Felony vs. Misdemeanor Based on the Property Involved
There are various statutes in the Commonwealth for different kinds of theft that are in addition, or somehow associated with the actual act of theft, which is known as larceny. One that is commonly used is the charge of receiving, buying, or aiding in the concealment of stolen property. If the property involved is valued at more than $250, or is a motor vehicle, the offense is a felony. As a general rule, you should always plan on fighting felony charges.
If the property involved is a motor vehicle, the charge may also result in the suspension of your drivers license.
Elements of Receiving Stolen Property
To prove the charge of receiving stolen property, or a stolen motor vehicle, the Commonwealth must prove, beyond a reasonable doubt, that the defendant knew that the property was stolen.
This element is often difficult to prove because the charge of receiving stolen property is often brought against someone who is merely the last link in a chain between the original owner, the thief, and the point at which the police recovered the property. Making it even more difficult, there is often a significant period of time which has elapsed between the original theft and the act charged as receiving stolen property. The Commonwealth will often attempt to rely on circumstantial evidence to prove that the defendant knew the property was stolen, such as evidence that the price paid was dramatically lower than the value.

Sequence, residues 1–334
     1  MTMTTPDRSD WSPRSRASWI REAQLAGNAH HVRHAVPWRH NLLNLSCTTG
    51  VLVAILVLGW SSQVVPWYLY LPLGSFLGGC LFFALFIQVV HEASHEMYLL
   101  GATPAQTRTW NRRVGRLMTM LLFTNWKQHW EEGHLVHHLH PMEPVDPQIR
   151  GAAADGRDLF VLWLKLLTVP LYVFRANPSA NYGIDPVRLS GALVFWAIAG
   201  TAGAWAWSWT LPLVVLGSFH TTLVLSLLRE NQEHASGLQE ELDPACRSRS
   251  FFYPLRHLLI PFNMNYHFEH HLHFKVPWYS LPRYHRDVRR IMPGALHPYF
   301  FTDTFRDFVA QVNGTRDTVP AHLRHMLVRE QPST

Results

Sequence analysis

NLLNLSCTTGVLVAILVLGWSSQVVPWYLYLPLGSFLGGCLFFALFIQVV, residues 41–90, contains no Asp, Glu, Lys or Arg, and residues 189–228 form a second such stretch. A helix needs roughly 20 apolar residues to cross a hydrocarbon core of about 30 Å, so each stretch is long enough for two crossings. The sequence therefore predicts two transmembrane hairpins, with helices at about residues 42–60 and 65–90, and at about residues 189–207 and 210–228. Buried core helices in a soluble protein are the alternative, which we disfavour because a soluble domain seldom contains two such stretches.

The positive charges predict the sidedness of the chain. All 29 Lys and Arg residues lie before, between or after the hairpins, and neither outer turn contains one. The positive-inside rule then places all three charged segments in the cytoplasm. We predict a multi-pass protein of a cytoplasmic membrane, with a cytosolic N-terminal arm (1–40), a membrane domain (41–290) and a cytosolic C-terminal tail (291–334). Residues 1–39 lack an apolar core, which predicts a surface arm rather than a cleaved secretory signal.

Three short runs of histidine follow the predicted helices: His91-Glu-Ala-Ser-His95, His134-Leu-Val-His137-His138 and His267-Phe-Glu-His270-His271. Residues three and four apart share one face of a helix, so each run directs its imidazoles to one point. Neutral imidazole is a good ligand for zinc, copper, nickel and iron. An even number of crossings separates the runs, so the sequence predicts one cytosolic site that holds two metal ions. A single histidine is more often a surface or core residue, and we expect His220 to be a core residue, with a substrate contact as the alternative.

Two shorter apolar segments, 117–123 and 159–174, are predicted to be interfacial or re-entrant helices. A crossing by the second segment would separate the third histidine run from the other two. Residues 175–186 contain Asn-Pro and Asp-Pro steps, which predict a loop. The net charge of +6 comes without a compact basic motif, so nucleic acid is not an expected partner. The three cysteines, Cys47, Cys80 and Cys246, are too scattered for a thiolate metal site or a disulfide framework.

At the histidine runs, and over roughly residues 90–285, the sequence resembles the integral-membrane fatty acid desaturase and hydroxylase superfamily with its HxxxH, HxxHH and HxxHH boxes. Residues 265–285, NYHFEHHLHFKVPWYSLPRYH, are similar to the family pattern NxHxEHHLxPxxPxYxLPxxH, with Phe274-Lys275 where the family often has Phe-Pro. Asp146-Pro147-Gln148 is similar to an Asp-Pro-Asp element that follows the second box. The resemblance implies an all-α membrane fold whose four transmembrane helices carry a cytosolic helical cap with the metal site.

Concealing Leased Property, Abuse of the Law
Whereas police and courts take receiving stolen property very seriously, courts are also aware of the widespread abuse of the charge of concealing leased property. If you are charged with this offense, there may be any number of ways of resolving your case while keeping your record clean, but it is important to get an attorney involved early in the process.
Many of the statutes regarding theft and receiving stolen property overlap in significant ways with other criminal statutes which carry substantially reduced sentences. Consult an attorney to find out what your options are.
If you or someone you know has been charged with receiving stolen property, contact me today to set up a free and confidential consultation
See: G.L. c. 266 s. 60; G.L. c. 266 s. 28; G.L. c. 266 s. 87; License Suspensions.